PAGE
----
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Can a Mother’s Kiss be Damaging to her Baby’s Dental Health?

Can a Mother’s Kiss be Damaging to her Baby’s Dental Health?

A mom kisses her baby on almost every inch of soft skin: cheeks, toes, tummy, nose, forehead and lips. What you may not know is those sweet kisses to the lips risk baby’s dental health and increase their chances for cavities!

Studies about the spread of cavity-causing bacteria from mom to baby have been published for over 30 years.  Sharing utensils, food, drinks, blowing on food, even wiping off baby’s mouth with a saliva covered finger spread the cavity-causing bacteria from mother to baby.  The bacteria responsible for the damaging tooth decay is Streptococcus mutans (MS).

kissingMS can be found in the mouths of some infants in the first few months of life, though they are most vulnerable during the time of tooth eruption.  Kissing a child on the lips is not the only risk factor.  Oral hygiene, genetics, nighttime nursing, exposure to sugar, sippy cups filled with milk or juice all contribute to the damage.

They are just baby teeth- is it really a big deal?  YES!  Tooth decay will not just impact baby teeth; if the bacteria are allowed to thrive it will also attack the permanent teeth when they come in.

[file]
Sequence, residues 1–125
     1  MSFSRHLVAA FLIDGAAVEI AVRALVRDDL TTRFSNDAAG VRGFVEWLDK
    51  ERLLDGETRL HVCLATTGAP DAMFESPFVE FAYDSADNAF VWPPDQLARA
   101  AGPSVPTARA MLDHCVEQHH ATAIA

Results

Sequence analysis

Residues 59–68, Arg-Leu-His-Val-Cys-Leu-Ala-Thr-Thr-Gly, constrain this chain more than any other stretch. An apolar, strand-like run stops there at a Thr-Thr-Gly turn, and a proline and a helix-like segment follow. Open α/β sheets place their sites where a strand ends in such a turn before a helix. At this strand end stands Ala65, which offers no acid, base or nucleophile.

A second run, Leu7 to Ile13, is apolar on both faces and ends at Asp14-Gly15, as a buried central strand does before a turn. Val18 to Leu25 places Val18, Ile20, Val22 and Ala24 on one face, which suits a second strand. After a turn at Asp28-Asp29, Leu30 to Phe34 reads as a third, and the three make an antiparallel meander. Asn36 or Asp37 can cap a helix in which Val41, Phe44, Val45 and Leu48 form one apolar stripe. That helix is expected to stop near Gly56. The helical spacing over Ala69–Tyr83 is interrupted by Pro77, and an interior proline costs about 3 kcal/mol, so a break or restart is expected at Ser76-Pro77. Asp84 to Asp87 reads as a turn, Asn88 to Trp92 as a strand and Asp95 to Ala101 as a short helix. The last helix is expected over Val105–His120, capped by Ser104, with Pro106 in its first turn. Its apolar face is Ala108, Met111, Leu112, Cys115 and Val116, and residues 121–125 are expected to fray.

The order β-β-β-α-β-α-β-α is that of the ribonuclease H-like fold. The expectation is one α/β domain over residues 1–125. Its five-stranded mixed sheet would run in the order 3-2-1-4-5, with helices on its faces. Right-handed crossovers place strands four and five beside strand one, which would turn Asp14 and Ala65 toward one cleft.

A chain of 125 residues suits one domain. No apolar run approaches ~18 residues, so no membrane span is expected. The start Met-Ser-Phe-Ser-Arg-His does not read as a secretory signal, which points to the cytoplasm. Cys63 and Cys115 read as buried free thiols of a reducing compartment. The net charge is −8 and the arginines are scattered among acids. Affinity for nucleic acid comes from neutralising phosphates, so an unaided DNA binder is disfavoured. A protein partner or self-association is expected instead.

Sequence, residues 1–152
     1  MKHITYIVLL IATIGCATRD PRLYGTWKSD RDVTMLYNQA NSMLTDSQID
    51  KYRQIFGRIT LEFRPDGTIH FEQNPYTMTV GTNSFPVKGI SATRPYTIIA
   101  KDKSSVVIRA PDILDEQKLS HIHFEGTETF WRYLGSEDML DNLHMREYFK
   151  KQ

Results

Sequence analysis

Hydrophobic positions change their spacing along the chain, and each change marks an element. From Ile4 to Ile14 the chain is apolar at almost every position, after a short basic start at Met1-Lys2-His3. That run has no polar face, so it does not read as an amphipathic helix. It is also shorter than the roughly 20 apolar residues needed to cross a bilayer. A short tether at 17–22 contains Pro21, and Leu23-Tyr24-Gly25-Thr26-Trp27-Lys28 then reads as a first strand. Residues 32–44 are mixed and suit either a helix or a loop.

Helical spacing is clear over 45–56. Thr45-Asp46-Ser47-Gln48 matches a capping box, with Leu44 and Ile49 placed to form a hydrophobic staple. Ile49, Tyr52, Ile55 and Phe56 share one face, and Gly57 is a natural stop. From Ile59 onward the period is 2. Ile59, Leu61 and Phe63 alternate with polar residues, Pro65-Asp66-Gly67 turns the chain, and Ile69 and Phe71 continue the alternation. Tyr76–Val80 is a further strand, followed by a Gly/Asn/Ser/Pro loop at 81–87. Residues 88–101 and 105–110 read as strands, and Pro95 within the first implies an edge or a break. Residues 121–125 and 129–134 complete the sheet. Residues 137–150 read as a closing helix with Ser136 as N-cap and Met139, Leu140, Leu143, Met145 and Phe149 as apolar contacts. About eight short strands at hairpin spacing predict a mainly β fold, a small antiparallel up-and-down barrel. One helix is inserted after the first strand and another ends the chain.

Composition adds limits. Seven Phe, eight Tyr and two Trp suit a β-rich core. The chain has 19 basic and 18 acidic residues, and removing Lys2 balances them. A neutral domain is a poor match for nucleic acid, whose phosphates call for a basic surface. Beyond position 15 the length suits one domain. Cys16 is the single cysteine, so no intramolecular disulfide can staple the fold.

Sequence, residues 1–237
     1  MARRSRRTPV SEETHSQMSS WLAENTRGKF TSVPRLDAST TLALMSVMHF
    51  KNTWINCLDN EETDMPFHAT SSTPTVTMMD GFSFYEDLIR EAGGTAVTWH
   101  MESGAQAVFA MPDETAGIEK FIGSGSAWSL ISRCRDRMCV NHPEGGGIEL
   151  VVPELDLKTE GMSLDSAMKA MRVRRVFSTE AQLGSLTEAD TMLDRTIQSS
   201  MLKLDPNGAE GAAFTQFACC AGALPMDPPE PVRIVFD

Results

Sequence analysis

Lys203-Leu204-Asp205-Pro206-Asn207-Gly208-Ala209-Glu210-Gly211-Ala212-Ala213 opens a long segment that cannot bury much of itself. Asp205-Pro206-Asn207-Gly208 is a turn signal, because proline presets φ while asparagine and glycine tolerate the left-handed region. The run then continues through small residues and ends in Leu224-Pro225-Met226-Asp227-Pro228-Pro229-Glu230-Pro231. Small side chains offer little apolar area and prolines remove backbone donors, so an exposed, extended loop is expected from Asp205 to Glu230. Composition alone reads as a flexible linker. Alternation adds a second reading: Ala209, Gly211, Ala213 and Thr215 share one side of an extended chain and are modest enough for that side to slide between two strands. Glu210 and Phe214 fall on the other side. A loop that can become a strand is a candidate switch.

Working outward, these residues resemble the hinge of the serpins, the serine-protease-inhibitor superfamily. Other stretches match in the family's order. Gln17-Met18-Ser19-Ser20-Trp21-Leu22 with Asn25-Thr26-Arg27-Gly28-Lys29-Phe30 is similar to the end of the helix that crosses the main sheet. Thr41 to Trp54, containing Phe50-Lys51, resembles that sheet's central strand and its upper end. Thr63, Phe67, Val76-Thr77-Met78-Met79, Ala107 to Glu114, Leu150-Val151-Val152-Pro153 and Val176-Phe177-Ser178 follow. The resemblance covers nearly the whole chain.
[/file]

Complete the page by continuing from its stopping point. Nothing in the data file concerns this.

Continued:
Luckily, steps can be taken starting with the mothers and mother’s-to-be oral hygiene including routine visits to the dentist- most importantly during the second and third trimester. Xylitol gum has also been tested as an alternative approach to reducing maternal MS infection and transmission to baby.

Preventative measures are key since the transfer of saliva between parent and child is almost unavoidable!  In addition to mom maintaining good dental hygiene, dentists also recommend “wiping out” the bacteria in baby’s mouth before it’s established.  Taking a clean, wet cloth and wiping the tongue, teeth and cheeks from infancy on is a best practice in preparing for good long-term dental health.

Important: The American Academy of Pediatric Dentistry recommends that parents have their child evaluated by a dentist when the first tooth erupts, or no later than their first birthday.

Here are 5 steps that limit the sharing of bacteria and bacterial growth:

  1. Practice good dental care. Brushing at least twice a day with fluoride toothpaste, flossing, routine professional cleanings and dental visits are key.
  2. Beginning during pregnancy (especially, if tooth decay active), chew Xylitol gum at least three times per day. Look for products with xylitol as the first ingredient. Studies suggest that you need 6-10 grams of xylitol per day to be effective.
  3. Minimize saliva contact from kissing on the lips, sharing cups, utensils and food and cleaning pacifiers by mouth.
  4. Practice from birth keeping infant’s mouth clean even if teeth haven’t erupted yet.  Keep the mouth clean by rubbing a wet washcloth or finger brush against the gums.
  5. Take preventative care of your child’s teeth and gums by routinely brushing and flossing, limiting sugar-filled foods and sweetened beverages, visits to the dentist for regular cleanings and teaching about good oral health.

At My Plantation Dentist we are happy to discuss preventative steps in spread of bacteria and make your dental visit as safe and comfortable as possible. Please call us at 954-584-1030.

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